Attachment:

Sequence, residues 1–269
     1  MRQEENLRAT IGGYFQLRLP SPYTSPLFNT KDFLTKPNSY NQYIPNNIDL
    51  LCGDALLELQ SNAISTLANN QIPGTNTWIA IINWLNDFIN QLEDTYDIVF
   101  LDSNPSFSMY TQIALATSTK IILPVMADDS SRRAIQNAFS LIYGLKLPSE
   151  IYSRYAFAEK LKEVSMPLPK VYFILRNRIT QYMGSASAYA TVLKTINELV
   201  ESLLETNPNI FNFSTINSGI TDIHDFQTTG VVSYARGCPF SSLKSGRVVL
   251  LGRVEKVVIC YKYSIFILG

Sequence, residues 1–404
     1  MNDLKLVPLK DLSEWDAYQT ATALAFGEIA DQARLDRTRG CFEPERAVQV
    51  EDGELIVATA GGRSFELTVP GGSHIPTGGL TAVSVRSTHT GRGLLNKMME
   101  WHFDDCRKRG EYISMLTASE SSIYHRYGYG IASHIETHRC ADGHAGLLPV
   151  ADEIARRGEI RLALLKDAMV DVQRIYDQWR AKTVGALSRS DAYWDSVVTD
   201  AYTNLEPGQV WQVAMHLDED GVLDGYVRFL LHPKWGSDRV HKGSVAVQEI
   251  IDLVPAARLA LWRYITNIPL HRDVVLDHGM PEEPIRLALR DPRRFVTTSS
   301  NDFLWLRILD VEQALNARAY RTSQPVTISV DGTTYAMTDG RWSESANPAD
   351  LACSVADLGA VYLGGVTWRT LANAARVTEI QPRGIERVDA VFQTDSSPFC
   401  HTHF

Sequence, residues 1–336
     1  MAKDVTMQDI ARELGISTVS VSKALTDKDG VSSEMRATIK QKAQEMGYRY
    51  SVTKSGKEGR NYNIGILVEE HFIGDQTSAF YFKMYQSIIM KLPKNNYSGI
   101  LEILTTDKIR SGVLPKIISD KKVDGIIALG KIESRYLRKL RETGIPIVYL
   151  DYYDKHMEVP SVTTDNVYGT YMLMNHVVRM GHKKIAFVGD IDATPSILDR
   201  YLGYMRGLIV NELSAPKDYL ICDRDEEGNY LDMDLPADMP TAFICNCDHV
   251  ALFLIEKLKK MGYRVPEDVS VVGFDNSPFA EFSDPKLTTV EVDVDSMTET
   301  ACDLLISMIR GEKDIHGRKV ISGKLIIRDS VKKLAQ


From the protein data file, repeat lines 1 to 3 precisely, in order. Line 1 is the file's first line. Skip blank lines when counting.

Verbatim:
Sequence, residues 1–269
     1  MRQEENLRAT IGGYFQLRLP SPYTSPLFNT KDFLTKPNSY NQYIPNNIDL
    51  LCGDALLELQ SNAISTLANN QIPGTNTWIA IINWLNDFIN QLEDTYDIVF